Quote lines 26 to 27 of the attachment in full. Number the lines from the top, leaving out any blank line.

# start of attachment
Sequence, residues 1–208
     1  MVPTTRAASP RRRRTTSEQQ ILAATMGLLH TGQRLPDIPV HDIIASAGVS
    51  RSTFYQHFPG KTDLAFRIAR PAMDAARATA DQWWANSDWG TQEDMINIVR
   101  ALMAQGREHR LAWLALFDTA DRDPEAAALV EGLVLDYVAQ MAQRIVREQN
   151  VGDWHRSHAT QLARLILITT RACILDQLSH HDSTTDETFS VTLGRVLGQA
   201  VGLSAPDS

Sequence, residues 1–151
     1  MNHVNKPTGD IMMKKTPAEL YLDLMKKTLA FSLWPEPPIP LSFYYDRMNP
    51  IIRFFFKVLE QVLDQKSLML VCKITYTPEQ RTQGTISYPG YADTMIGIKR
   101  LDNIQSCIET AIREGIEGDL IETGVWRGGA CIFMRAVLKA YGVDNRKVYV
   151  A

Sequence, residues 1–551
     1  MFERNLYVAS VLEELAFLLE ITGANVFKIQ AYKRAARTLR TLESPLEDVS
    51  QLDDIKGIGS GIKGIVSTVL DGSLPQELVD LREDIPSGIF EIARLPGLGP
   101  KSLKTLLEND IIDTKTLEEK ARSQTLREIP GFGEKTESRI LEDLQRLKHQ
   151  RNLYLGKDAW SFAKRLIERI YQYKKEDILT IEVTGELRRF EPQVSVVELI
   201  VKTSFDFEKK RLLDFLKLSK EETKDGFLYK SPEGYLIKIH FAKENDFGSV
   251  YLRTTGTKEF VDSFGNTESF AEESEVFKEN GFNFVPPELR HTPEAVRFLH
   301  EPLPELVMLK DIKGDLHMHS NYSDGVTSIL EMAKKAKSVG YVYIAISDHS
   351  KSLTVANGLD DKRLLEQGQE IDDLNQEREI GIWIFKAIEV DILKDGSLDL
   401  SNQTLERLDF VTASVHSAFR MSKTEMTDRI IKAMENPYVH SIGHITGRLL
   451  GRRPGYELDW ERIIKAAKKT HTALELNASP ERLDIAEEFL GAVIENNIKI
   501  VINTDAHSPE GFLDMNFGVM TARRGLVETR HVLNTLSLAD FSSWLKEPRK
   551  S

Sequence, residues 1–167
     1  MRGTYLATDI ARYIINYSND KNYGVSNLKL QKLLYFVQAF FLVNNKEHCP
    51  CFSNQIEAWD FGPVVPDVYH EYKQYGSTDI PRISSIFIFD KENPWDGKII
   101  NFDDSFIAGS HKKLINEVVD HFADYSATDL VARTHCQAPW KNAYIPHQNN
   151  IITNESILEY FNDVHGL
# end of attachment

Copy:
     1  MRGTYLATDI ARYIINYSND KNYGVSNLKL QKLLYFVQAF FLVNNKEHCP
    51  CFSNQIEAWD FGPVVPDVYH EYKQYGSTDI PRISSIFIFD KENPWDGKII